You’re serious about growing your business, so you’re giving thought to making more sales. Maybe you want to do more retailing, or venture into the world of wholesale. Perhaps what you want is to get your work into a fine art gallery. Is your goal a solo show? Do you want to quit your day job? Or is it a residency that you ache for? Would you rather teach than run a studio?
Making it personal
Comparing yourself to others isn’t productive – and going down that road can cause you to become unrealistic about what you need to do in your own business, and can result in lack of confidence, frustration and envy. One size definitely doesn’t fit all. Set your goals and expectations to reflect your own unique situation.
Nobody else has the same desires, financial and family situations, talents and background that you do. Evaluate what you expect and what you need to be happy and satisfied with your creative business. And keep in mind that balancing work with personal time and family life is crucial to long-term success because all work and no play can cause burnout as well as resentment from those who need your time and attention.
What is realistic for you?
1. Create a list of what you want to accomplish. Then take into consideration the learning curve you need, and be realistic about the timeline. For example, that new website you want to develop can take months, especially if you are attempting to do it yourself. And if you want to get publicity, you will need to make many contacts with the press and be patient. Know this going in and make a timeline to take that into account.
2. Decide what you don’t want to spend time doing, and eliminate those things that don’t make sense for you. If you hate blogging, then don’t do it. If retail shows aren’t producing enough bang for your buck, re-evaluate that plan, or decide to apply to new shows with a different audience.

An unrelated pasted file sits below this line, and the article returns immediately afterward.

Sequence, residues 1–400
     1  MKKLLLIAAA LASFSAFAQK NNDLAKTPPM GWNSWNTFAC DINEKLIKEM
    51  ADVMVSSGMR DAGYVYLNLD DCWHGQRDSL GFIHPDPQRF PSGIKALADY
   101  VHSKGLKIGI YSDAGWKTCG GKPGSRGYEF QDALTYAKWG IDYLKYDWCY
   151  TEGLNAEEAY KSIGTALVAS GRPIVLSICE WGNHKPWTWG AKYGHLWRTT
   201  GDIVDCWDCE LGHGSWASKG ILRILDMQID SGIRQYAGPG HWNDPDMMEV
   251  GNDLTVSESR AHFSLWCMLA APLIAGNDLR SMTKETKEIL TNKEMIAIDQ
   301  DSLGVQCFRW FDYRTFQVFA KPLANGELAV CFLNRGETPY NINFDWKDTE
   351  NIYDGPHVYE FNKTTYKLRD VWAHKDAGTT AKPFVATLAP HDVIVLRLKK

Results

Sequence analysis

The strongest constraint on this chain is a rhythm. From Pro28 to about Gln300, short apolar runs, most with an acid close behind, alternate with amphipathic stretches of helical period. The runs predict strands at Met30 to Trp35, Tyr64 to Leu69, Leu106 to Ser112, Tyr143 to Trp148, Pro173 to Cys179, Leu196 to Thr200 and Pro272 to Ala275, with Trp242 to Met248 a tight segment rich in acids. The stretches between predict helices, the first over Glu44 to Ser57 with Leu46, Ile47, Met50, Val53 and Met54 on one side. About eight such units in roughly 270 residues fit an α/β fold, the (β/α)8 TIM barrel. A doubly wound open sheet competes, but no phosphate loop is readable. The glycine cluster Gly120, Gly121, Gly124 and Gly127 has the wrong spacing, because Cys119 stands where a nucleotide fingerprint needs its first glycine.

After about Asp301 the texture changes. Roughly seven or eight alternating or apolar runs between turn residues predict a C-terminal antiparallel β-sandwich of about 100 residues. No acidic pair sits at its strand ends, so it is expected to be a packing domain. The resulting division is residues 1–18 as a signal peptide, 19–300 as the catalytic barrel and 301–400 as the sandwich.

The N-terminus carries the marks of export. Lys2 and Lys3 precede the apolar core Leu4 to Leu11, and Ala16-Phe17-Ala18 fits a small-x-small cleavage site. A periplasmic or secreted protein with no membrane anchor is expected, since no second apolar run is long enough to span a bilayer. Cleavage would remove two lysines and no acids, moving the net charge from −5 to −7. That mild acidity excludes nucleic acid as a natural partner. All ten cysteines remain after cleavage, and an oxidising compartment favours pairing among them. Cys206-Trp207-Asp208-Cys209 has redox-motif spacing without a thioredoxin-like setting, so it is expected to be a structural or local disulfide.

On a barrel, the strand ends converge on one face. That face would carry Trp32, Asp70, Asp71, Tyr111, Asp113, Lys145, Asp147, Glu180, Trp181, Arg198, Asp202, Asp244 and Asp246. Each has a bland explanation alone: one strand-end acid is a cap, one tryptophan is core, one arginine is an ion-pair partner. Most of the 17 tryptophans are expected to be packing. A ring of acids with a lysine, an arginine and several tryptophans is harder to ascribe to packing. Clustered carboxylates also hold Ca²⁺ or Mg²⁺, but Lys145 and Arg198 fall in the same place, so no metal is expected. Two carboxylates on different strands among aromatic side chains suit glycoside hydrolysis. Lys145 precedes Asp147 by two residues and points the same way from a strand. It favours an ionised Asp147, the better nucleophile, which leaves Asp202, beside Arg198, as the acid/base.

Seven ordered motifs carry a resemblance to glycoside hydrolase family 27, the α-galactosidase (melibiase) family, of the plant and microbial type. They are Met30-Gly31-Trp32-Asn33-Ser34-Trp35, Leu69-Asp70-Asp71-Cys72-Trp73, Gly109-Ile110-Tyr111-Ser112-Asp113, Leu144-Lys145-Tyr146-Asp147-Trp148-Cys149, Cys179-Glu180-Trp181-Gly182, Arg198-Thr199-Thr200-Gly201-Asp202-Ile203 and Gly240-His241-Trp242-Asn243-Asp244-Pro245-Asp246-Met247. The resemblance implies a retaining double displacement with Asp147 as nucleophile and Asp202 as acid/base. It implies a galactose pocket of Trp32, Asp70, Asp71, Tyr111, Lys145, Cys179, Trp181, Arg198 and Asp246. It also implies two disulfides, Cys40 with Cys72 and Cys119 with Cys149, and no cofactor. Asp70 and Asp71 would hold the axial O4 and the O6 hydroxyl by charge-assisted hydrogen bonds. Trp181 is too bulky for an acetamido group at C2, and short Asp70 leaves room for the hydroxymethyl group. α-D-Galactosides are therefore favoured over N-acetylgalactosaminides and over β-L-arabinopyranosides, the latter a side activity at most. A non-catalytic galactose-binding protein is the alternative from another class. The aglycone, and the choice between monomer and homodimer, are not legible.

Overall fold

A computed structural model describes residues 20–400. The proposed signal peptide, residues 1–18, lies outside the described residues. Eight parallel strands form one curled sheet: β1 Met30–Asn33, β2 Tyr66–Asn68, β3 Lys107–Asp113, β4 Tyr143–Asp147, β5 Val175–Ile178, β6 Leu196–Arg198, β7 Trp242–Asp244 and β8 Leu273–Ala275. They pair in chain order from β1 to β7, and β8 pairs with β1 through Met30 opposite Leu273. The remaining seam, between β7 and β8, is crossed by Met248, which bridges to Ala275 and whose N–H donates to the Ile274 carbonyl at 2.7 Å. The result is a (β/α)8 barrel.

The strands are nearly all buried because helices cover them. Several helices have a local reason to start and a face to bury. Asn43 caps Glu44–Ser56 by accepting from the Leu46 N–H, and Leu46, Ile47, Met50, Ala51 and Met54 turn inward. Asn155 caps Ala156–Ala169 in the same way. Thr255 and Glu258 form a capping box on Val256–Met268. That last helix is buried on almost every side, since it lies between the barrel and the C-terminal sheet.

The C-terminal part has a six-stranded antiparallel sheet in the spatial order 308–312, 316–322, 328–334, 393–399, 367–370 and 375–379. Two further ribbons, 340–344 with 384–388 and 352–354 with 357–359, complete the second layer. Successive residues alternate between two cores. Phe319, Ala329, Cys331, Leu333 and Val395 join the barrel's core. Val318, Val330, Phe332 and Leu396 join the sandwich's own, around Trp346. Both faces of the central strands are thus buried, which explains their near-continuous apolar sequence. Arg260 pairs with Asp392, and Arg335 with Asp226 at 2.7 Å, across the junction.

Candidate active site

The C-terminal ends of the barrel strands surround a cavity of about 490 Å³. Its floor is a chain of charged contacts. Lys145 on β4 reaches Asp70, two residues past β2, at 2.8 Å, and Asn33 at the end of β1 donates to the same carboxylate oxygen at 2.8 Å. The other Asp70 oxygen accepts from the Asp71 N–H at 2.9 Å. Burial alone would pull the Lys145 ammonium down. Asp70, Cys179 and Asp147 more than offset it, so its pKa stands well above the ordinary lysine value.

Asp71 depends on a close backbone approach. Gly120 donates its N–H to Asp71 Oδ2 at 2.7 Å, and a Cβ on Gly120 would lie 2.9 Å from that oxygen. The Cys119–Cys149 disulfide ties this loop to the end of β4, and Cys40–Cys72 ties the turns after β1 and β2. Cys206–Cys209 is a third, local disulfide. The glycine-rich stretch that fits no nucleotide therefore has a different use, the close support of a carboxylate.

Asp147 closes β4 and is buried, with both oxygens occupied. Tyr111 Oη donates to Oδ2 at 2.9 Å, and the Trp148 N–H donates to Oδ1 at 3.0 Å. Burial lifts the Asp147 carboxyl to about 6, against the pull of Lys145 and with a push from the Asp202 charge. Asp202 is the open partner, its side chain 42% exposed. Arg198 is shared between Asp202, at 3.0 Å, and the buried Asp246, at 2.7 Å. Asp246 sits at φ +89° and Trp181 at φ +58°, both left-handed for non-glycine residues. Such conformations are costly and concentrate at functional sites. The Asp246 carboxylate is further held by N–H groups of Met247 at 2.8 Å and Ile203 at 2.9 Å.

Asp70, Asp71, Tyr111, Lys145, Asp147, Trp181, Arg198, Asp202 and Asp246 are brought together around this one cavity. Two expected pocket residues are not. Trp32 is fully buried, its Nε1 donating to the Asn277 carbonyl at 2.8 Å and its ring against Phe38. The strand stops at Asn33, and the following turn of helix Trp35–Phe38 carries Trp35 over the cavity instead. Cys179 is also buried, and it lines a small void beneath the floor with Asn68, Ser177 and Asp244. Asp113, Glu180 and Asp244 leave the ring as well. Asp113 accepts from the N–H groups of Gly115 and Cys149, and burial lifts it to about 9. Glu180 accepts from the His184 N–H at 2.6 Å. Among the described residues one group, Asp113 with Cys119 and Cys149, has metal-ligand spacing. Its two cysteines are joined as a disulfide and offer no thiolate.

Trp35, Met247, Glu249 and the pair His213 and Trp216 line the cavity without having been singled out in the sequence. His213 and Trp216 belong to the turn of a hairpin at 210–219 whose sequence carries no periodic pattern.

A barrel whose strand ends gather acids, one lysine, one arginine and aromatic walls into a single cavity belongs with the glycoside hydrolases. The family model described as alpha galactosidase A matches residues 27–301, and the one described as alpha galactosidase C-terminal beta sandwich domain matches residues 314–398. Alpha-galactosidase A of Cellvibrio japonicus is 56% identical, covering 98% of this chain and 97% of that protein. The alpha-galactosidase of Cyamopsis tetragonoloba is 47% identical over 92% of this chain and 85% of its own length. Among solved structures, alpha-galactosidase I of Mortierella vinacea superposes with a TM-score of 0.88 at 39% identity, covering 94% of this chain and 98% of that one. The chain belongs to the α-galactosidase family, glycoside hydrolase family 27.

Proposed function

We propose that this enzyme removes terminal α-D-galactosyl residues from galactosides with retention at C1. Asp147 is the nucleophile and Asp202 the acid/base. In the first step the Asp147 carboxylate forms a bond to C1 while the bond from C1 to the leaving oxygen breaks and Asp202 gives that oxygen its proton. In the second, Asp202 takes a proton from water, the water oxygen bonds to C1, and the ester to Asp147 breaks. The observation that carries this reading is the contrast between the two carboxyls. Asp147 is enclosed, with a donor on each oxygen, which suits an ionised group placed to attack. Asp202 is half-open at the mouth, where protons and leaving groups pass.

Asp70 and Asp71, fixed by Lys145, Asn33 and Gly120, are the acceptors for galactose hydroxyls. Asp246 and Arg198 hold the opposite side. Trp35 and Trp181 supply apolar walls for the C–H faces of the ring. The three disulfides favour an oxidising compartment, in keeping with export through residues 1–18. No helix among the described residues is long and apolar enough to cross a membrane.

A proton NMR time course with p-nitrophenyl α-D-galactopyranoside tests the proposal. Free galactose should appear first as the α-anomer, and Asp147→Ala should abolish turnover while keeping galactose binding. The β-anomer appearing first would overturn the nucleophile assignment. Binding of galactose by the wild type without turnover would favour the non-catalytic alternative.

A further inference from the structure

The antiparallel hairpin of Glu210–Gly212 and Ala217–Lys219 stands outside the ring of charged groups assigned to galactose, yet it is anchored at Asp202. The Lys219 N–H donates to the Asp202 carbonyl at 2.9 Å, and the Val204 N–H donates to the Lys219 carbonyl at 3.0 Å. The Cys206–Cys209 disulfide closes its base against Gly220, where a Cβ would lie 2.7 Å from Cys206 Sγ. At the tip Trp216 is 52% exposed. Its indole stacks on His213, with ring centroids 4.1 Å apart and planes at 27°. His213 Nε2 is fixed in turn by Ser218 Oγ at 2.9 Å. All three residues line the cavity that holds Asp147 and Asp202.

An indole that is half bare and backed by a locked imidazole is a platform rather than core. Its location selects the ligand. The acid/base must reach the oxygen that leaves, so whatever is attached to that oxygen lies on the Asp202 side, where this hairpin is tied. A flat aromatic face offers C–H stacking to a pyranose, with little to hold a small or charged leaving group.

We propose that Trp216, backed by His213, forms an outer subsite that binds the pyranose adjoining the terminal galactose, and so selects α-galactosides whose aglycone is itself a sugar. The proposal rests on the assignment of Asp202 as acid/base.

3. Prioritize your goals. What is most important, and what can wait? You can’t do it all. Choose your main goals, and then create a step-by-step written plan to focus on them and be consistent.
4. Delegate what you can. Do you need studio help? A webmaster? A bookkeeper? Identify the tasks that are time wasters for you, or that distract from the most important part of your job, which is creating your art or craft and running your business.
5. Be open to revising your plan. Life happens. Re-evaluate as the year unfolds, perhaps on a quarterly or even monthly basis. Let go of the plans on your list which really don’t work for you or make you happy.
6. Get input. Do you have problems creating systems in your business to make it run smoothly? Need help in your marketing and sales, or planning? Consulting with a mentor can give you a roadmap to follow while you build your small business. No one can thrive in isolation. Bouncing ideas off of an experienced mentor can be one of the best investments you make.